Five trends in safety engineering
The design and function of safety engineering is constantly evolving. Find out how Treotham is keeping up with the trends with their Euchner safety products.
1. Digitisation increases machine availability
Door open – door closed! In complex networked installations and machines, providing functional safety information about the door position and guard locking is often no longer sufficient. Comprehensive diagnostics data supplied via IO-Link and bus systems help with troubleshooting and give an insight into the status of the systems. Simple configuration measures, for example in the ProfiNet network, reduce the amount of wiring work. The safe signals are also sent via the bus. The Euchner MGB series from Treotham makes it easy to integrate the very latest safety engineering functions into existing networks.
2. Keeping everything under control: managing access rights
Not only people need to be protected from the harm that machines can cause. In addition, it is essential that the costly manufacturing process is not interrupted by unauthorized or accidental interventions. In this case key-operated rotary switches and passwords no longer provide adequate safety. The solution is an Electronic-Key-System EKS that manages the access rights centrally. However, the Euchner EKS from Treotham can do much more than that. For example, a time limit can be set for Electronic-Keys and they can be blocked if they are lost. Other options include different access levels for different machines, managing user groups, and much more. It’s all possible with the EKS!
3. Electronic prevention of tampering
When safety systems are bypassed, there is generally a good reason for doing so. Often certain tasks can be carried out only when a safety door is open, but this can be dangerous. Electronically coded actuators that are “married” to the accompanying safety switch allow almost all types of tampering to be prevented. However, if the safety door has to be open for the work to go ahead, the risk can be reduced by limiting the axis movements and pressing an enabling switch, for example. To activate this safety function, Euchner has developed a procedure for safely selecting operating modes based on the EKS-FSA. Only employees with the appropriate training are given the personalized Electronic-Key to allow them to carry out tasks involving an increased risk.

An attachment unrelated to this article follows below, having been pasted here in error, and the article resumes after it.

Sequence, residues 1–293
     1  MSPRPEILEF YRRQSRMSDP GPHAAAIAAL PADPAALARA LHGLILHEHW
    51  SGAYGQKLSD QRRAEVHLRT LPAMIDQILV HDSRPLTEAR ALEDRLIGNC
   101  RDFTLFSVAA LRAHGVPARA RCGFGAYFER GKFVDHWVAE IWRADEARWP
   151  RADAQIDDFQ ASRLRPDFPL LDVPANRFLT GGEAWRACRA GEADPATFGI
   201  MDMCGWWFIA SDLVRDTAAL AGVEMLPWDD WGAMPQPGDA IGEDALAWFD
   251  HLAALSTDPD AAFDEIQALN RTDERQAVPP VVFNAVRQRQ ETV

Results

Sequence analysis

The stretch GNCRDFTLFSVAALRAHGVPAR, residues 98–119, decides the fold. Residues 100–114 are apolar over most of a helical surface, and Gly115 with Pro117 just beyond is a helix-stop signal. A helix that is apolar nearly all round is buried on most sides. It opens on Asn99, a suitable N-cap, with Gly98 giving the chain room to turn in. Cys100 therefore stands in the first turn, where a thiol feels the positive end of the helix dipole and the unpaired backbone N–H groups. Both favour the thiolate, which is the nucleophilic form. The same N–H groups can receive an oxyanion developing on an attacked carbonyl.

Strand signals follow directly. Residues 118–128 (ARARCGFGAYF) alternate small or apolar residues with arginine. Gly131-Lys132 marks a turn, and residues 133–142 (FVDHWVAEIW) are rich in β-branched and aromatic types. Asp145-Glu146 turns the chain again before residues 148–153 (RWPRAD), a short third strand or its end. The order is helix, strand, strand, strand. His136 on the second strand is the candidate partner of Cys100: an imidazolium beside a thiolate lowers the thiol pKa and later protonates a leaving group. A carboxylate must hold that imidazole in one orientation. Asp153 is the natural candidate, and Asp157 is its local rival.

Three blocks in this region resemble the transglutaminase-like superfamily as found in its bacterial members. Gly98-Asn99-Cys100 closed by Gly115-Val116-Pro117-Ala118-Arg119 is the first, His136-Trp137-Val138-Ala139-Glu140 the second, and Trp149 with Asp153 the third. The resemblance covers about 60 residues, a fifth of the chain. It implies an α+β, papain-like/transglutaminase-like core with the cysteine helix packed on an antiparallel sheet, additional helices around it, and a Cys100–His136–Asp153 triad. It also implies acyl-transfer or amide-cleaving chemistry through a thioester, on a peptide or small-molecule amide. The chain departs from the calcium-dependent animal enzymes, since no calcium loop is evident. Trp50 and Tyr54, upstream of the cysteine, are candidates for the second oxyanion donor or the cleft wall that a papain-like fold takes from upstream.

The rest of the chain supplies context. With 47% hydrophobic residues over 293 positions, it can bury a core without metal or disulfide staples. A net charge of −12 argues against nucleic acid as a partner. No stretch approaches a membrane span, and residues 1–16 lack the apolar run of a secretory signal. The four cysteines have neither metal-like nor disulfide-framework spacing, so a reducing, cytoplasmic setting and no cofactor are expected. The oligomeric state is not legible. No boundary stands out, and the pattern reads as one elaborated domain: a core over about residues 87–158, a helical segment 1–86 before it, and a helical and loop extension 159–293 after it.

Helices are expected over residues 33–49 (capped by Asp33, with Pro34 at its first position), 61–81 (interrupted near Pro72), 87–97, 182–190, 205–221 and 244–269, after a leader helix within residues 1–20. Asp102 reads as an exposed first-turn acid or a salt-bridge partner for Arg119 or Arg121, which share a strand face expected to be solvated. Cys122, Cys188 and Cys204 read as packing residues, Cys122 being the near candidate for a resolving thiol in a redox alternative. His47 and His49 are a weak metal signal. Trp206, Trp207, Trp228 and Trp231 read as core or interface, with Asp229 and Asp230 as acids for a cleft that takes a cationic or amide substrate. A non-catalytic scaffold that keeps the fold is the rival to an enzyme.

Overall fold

4. Whatever you want: personalising safety products
All safety applications are different. For example, the emergency stop often has to be integrated into the door locking mechanism and the request and acknowledgment buttons may need to be fitted directly to the safety door. Treotham’s special extended variants for safety switches with guard locking meet many of these requirements. The new MGB2 Modular even allows users to make the functional modifications themselves. By plugging in function submodules, users can adapt the Multifunctional Gate Box for specific applications. With more than 20 different submodules on offer, there are plenty of options available. In addition, new modules can be produced in small numbers to meet individual customers’ requirements. The wide range of variants and the options for personalization make the systems more user friendly, which in turn increases productivity.
5. The smaller the better: increasingly compact safety switches
In the past the appearance of production machines was relatively unimportant when compared with their functions. However, in recent years developers have increasingly focused on the design of the machines, which is often regarded as a reflection of their high standard of quality. For safety engineering products this may well mean that they need to be concealed in the machine cover, but it is essential that they continue to function without problems. Fortunately the high level of electronic integration that is now possible has enabled printed circuit boards to be reduced in size. Innovative technologies allow products to be made smaller and smaller. The smallest Euchner RFID configurator from Treotham is the same size as a 6 mm plastic dowel and is almost invisible once it has been installed in a door.
- Five trends in safety engineering by Euchner
- Door locking mechanism CTM in May issue of 'Process Technology'
- Mosaic safety controllers in February issue of 'Process Technology'
- MICRON light curtains in October issue of 'Process Technology'
- Watertight light curtains in May issue of 'Process Technology'
- Mosaic safety controller in Match issue of 'Industry Update'
- Multifunctional Gate Box 2 in May issue of 'What's New in Process Technology'
- Electronic Key System in January issue of 'What's New in Process Technology'
- Bolt lock system in September issue of 'What's New in Process Technology'
- VPN Industrial Router in April issue of 'Industry Update'